Finding a business that has the potential to grow substantially is not easy, but it is possible if we look at a few key financial metrics. Typically, we'll want to notice a trend of growing return on capital employed (ROCE) and alongside that, an expanding base of capital employed. Put simply, these types of businesses are compounding machines, meaning they are continually reinvesting their earnings at ever-higher rates of return. Having said that, from a first glance at Big Lots (NYSE:BIG) we aren't jumping out of our chairs at how returns are trending, but let's have a deeper look.
Return On Capital Employed (ROCE): What is it?
If you haven't worked with ROCE before, it measures the 'return' (pre-tax profit) a company generates from capital employed in its business. Analysts use this formula to calculate it for Big Lots:
Return on Capital Employed = Earnings Before Interest and Tax (EBIT) ÷ (Total Assets - Current Liabilities)
0.11 = US$305m ÷ (US$4.0b - US$1.2b) (Based on the trailing twelve months to October 2021).
Therefore, Big Lots has an ROCE of 11%. In absolute terms, that's a pretty standard return but compared to the Multiline Retail industry average it falls behind.
Above you can see how the current ROCE for Big Lots compares to its prior returns on capital, but there's only so much you can tell from the past. If you're interested, you can view the analysts predictions in our free report on analyst forecasts for the company.
So How Is Big Lots' ROCE Trending?
When we looked at the ROCE trend at Big Lots, we didn't gain much confidence. Around five years ago the returns on capital were 25%, but since then they've fallen to 11%. However it looks like Big Lots might be reinvesting for long term growth because while capital employed has increased, the company's sales haven't changed much in the last 12 months. It's worth keeping an eye on the company's earnings from here on to see if these investments do end up contributing to the bottom line.
On a related note, Big Lots has decreased its current liabilities to 29% of total assets. That could partly explain why the ROCE has dropped. What's more, this can reduce some aspects of risk to the business because now the company's suppliers or short-term creditors are funding less of its operations. Some would claim this reduces the business' efficiency at generating ROCE since it is now funding more of the operations with its own money.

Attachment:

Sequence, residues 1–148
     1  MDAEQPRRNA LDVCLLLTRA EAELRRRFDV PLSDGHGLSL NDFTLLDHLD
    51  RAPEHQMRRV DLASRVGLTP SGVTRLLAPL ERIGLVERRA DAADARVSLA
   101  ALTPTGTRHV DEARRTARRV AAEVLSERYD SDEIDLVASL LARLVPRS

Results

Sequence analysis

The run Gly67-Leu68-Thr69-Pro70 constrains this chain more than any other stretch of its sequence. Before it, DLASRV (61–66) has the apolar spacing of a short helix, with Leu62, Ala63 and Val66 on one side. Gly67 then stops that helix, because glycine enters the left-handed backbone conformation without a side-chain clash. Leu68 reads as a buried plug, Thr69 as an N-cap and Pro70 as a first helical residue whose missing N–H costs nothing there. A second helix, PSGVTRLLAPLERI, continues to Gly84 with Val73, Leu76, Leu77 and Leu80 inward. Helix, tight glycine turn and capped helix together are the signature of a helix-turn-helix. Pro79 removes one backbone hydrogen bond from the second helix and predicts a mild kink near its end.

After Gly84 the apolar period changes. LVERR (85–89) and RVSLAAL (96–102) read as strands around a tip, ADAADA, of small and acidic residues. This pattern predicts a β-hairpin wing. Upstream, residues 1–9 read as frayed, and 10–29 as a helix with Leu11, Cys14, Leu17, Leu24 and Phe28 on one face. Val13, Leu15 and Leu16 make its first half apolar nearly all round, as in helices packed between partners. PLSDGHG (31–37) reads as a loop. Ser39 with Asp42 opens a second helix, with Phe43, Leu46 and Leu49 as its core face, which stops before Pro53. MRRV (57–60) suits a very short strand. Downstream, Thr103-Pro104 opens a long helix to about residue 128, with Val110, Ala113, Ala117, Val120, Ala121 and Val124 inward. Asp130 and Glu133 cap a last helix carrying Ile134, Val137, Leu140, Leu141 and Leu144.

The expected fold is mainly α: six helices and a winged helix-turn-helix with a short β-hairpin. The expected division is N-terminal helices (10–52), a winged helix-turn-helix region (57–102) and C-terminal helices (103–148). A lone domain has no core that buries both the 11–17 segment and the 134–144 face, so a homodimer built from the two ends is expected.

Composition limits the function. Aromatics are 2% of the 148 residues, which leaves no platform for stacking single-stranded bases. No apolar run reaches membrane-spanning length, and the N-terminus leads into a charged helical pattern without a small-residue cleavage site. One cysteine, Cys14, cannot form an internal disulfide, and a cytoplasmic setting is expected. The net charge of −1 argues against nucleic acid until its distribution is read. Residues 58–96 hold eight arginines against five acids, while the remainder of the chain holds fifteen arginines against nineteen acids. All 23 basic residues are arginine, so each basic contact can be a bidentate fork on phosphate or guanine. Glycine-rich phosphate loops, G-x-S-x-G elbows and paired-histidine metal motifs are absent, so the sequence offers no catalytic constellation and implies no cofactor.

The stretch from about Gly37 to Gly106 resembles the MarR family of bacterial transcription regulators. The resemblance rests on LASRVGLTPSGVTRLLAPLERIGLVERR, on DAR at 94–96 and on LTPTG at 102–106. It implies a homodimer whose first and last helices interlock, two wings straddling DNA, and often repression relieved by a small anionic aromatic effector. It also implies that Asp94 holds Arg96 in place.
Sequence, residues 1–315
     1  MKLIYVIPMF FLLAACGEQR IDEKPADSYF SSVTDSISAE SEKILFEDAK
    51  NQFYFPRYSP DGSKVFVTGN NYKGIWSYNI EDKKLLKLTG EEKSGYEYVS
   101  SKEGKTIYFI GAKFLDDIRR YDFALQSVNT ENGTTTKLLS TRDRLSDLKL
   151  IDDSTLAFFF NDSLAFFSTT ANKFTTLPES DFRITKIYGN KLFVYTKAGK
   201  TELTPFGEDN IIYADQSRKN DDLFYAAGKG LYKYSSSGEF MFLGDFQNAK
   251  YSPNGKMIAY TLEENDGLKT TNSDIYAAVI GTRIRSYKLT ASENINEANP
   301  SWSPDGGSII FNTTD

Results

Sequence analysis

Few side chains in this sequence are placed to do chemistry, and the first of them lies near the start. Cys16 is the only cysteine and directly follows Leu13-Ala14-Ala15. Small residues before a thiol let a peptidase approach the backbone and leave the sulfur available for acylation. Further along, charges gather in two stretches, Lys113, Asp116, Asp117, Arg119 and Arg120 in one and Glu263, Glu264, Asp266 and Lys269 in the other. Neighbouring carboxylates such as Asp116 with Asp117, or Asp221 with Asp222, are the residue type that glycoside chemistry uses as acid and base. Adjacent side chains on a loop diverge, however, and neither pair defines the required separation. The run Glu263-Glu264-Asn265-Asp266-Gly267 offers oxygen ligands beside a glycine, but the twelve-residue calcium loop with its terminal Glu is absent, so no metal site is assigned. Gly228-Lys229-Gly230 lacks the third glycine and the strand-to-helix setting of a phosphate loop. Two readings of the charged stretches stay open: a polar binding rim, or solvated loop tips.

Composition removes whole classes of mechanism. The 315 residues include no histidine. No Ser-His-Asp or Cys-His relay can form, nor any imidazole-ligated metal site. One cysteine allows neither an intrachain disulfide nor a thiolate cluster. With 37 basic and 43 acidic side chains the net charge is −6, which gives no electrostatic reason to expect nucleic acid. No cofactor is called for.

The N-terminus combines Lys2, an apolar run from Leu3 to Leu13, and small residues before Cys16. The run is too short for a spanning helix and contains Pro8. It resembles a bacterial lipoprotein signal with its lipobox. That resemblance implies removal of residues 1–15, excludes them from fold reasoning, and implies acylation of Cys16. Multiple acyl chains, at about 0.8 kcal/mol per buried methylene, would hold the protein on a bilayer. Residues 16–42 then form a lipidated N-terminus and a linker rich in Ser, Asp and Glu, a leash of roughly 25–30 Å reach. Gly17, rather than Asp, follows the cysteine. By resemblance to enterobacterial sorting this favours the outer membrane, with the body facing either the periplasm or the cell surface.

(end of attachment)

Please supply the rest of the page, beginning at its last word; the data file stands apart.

The Key Takeaway
To conclude, we've found that Big Lots is reinvesting in the business, but returns have been falling. And with the stock having returned a mere 4.0% in the last five years to shareholders, you could argue that they're aware of these lackluster trends. So if you're looking for a multi-bagger, the underlying trends indicate you may have better chances elsewhere.
Big Lots does have some risks, we noticed 3 warning signs (and 1 which can't be ignored) we think you should know about.
If you want to search for solid companies with great earnings, check out this free list of companies with good balance sheets and impressive returns on equity.
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This article by Simply Wall St is general in nature. We provide commentary based on historical data and analyst forecasts only using an unbiased methodology and our articles are not intended to be financial advice. It does not constitute a recommendation to buy or sell any stock, and does not take account of your objectives, or your financial situation. We aim to bring you long-term focused analysis driven by fundamental data. Note that our analysis may not factor in the latest price-sensitive company announcements or qualitative material. Simply Wall St has no position in any stocks mentioned.